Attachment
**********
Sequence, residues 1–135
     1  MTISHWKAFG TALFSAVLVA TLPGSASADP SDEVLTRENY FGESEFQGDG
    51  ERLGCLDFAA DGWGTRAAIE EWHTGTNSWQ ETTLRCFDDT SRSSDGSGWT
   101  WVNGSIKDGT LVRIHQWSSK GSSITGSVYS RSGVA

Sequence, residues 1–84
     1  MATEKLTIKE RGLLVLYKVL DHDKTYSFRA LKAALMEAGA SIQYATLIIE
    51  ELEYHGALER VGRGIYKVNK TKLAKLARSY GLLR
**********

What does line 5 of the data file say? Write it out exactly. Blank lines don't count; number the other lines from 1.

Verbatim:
Sequence, residues 1–84